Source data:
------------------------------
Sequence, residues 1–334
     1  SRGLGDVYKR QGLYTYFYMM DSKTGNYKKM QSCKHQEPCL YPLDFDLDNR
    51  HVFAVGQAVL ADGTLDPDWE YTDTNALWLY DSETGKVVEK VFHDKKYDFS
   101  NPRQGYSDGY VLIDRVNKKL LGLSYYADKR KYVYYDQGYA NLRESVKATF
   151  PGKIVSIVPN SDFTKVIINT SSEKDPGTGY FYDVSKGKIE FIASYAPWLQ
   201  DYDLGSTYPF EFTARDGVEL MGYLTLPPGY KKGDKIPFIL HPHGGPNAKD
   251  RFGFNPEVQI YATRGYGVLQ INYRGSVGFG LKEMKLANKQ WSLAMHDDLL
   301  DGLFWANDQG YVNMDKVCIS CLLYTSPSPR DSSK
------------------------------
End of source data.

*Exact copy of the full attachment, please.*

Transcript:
Sequence, residues 1–334
     1  SRGLGDVYKR QGLYTYFYMM DSKTGNYKKM QSCKHQEPCL YPLDFDLDNR
    51  HVFAVGQAVL ADGTLDPDWE YTDTNALWLY DSETGKVVEK VFHDKKYDFS
   101  NPRQGYSDGY VLIDRVNKKL LGLSYYADKR KYVYYDQGYA NLRESVKATF
   151  PGKIVSIVPN SDFTKVIINT SSEKDPGTGY FYDVSKGKIE FIASYAPWLQ
   201  DYDLGSTYPF EFTARDGVEL MGYLTLPPGY KKGDKIPFIL HPHGGPNAKD
   251  RFGFNPEVQI YATRGYGVLQ INYRGSVGFG LKEMKLANKQ WSLAMHDDLL
   301  DGLFWANDQG YVNMDKVCIS CLLYTSPSPR DSSK